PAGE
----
- Associated Press - Friday, January 9, 2015

MONTPELIER, Vt. (AP) - One of the leaders of a Statehouse protest by health care activists said Friday it was “unfortunate” that demonstrators disrupted a prayer during Gov. Peter Shumlin’s inauguration, but contends the protests let lawmakers know establishing a universal, publicly funded health care system is still a vital issue.

James Haslam of the Vermont Workers Center said some of the protesters moved into the House chamber Thursday after Shumlin completed his inaugural address, not realizing a benediction was being given.

He said no one disrupted the governor’s inaugural speech because they didn’t want to be disrespectful. When some of the protesters heard applause after the speech they moved into the chamber, not realizing there was a minister giving a benediction.

“There were a lot of us who were participating in the event who agreed that that was unfortunate,” Haslam said.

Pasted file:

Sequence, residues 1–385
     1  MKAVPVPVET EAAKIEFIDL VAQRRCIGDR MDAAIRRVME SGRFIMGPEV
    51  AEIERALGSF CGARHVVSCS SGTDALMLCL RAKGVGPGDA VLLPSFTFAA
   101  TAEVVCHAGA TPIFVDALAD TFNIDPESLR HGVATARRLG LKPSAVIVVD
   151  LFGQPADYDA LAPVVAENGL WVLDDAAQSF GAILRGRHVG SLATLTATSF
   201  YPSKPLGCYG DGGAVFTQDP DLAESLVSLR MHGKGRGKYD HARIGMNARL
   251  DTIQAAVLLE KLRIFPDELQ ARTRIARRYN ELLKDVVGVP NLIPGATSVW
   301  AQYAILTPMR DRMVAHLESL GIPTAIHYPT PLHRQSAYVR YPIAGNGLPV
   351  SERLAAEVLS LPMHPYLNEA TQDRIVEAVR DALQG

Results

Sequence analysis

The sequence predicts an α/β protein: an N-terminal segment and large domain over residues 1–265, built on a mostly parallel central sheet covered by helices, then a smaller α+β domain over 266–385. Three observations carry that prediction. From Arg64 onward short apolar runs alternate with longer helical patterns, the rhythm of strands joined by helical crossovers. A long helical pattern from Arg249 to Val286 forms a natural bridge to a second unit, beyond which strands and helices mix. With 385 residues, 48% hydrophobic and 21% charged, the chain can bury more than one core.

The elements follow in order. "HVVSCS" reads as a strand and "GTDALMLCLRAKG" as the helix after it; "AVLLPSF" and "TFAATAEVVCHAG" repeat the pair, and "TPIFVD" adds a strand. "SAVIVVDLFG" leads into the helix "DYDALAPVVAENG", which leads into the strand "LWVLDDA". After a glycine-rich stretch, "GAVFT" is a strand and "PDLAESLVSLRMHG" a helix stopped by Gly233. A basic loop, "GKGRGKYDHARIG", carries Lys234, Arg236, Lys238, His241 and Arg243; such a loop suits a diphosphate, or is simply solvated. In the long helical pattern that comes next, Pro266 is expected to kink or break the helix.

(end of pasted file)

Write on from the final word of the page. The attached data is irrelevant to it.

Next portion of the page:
Some long-time supporters of single-payer health care agreed.

Deb Richter, Montpelier physician, long-time single-payer advocate and former president of Physicians for a National Health Program, said she felt the protest would have been more effective if they had not disrupted a prayer.

“I think it’s good to put pressure on the Legislature, but I think the way this was so disruptive and disrespectful, I think if anything it’s going to work against them and against our issue,” Richter said.

After the inauguration, a number of the protesters staged a sit-in in the House chamber, refusing the leave after the building closed at 8 p.m. Police say 29 people were arrested and charged with unlawful trespass. Of those 10 were also charged with resisting arrest.

They are all due in court next month.

Haslam, who left the Statehouse before the arrests began, said many of the people at the protest have been failed by the health care system. The protesters included doctors, nurses and others “on the front line of a health care system that is out of whack.”

“This is a democratic process and people are very serious,” Haslam said. “Vermont has come a long ways toward moving toward universal health care and we will not be derailed on that.”

While Shumlin announced last month he was abandoning single-payer he said during his speech that he would continue his work to control health care costs and he is open to suggestions from lawmakers about how to finance a publicly funded, universal health care system.


Associated Press writer Dave Gram contributed to this report.

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